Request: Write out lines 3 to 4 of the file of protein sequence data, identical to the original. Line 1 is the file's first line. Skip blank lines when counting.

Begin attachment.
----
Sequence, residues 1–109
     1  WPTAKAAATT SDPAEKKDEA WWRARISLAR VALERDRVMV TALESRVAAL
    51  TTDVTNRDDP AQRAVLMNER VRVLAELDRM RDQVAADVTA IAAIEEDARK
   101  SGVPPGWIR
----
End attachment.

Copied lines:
    51  TTDVTNRDDP AQRAVLMNER VRVLAELDRM RDQVAADVTA IAAIEEDARK
   101  SGVPPGWIR